Tuesday, September 15, 2015

Sanctified By Jazz: Music at Grace Cathedral

Duke Ellington Orchestra at Grace Cathedral, 1965
by Jesse Hamlin

Fifty years ago, on September 16, Duke Ellington filled the soaring Gothic nave of San Francisco’s Grace Cathedral with the sublime and exultantly swinging sounds of his first “Concert of Sacred Music.” Commissioned by the Episcopal cathedral to help consecrate the new sanctuary, it was an offering to God in Ellington’s expansive idiom that gave the composer the chance, as he put it, “to say openly what I’ve been saying to myself on my knees.”

A deeply religious man, Ellington wove older themes of his like the spiritual “Come Sunday” from his 1943 suite Black, Brown and Beige with potent new gospel pieces – he wrote the music and the hip lyrics – in a stirring hour-long work brought to life by a great assembly of artists: his jazz orchestra, featuring the peerlessly lyrical alto saxophonist Johnny Hodges and the roaring tenor soloist Paul Gonsalves; the Herman McCoy and Grace Cathedral choirs; the vocal soloists Jon Hendricks, Esther Marrow and Jimmy McPhail; and the mesmerizing tap dancer Bunny Briggs, who seemed to float over the floor like a shimmering hummingbird as he clicked and whirred through a brisk-tempo nine-minute reworking of “Come Sunday” that Ellington called “David Danced Before the Lord with All his Might” (text courtesy of the Biblical Book of Samuel).

“It’s the most important statement I’ve ever made,” Ellington said of the piece, the first of his three sacred concerts, on the eve of its 1965 Grace premiere, which was filmed and aired on public television and, thankfully, can be seen on YouTube. It’s an inspiring performance. To celebrate the piece’s golden anniversary, SFJAZZ has assembled its own estimable cast of artists to recreate the “Concert of Sacred Music” at Grace on September 17.

Queen Esther Marrow
Alto saxophonist Miguel Zenón of the SFJAZZ Collective has re-arranged the music for an aggregation that features one of the original singers, Queen Esther Marrow, Kurt Elling in the Hendricks role and Terrance Kelly leading the Oakland Interfaith Gospel Choir and singing one of the solos. Zenón leads a prime 11-piece ensemble that includes trumpeter and new SFJAZZ Collective member Sean Jones, clarinetist Ben Goldberg, tenor saxophonist Melissa Aldana, bassoonist Paul Hanson and SFJAZZ Collective pianist Edward Simon. Stepping into “David Danced Before the Lord” his way will be the wizardly tap dancer Savion Glover, who was a teenage prodigy when he performed with Bunny Briggs in the 1989 Broadway musical Black and Blue and is supremely suited for this part.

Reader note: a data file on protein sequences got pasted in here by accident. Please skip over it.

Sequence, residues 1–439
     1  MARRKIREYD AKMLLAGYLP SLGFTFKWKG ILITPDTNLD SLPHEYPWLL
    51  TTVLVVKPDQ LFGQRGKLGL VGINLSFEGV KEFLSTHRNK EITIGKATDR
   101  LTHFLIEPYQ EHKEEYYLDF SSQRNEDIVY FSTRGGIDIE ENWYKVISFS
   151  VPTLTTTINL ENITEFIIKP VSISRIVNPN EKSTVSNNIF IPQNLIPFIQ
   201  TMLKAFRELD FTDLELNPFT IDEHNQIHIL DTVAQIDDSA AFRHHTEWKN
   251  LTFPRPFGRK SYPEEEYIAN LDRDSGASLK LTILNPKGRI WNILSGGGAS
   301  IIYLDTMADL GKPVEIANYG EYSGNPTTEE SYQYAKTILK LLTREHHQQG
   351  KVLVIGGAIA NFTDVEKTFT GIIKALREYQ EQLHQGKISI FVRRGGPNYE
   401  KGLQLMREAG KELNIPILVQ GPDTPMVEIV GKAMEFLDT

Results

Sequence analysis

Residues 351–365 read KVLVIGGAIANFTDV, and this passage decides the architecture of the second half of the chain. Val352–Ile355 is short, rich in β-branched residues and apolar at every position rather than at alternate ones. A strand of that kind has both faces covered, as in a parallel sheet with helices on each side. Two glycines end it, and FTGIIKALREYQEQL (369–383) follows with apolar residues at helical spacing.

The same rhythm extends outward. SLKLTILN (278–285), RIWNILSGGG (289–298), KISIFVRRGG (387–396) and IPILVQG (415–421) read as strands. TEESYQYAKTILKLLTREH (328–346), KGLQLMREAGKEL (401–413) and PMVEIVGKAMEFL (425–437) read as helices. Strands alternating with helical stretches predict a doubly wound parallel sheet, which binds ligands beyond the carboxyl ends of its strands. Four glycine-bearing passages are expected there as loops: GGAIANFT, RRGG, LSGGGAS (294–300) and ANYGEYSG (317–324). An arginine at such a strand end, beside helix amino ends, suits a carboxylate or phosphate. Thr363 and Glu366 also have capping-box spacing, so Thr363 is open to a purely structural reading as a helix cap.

Bill Frisell at Grace, 2007
SFJAZZ has a long tradition of presenting musicians in the Nob Hill cathedral, among them Joe Henderson, Zakir Hussain and Charlie Haden. It’s producing three other promising performances this fall at Grace, where the acoustics — particularly the seven-second echo — provide challenges and musical possibilities. On September 18, the creative and far-ranging guitarist Bill Frisell, a subtle master of space and silence who played solo at Grace in 2007, returns for an evening of improvisation incorporating the natural acoustics and electronic effects.

A hair-raising Gothic Halloween is on the bill for October 31, when the 1925 silent movie classic “Phantom of the Opera,” starring Lon Chaney as the deformed soul who haunts the Paris Opera house, screens in the sanctuary to live accompaniment on Grace’s massive pipe organ by Dorothy Papadakos, the noted organist who plays in the Paul Winter Consort and was formerly the organist at New York’s Cathedral of St. John the Divine. (That’s where Ellington premiered his “Second Sacred Concert” in 1968, and where his funeral was held in 1974. It closed with violinist Ray Nance playing “Come Sunday.”)

One can only imagine the rich woody sounds that will reverberate through those Gothic vaults on November 12, when four marvelous jazz clarinetists – Don Byron and Anat Cohen, playing B flat clarinet, and David Murray and Todd Marcus on the big bass clarinet – come together to make music in that inspiring space.

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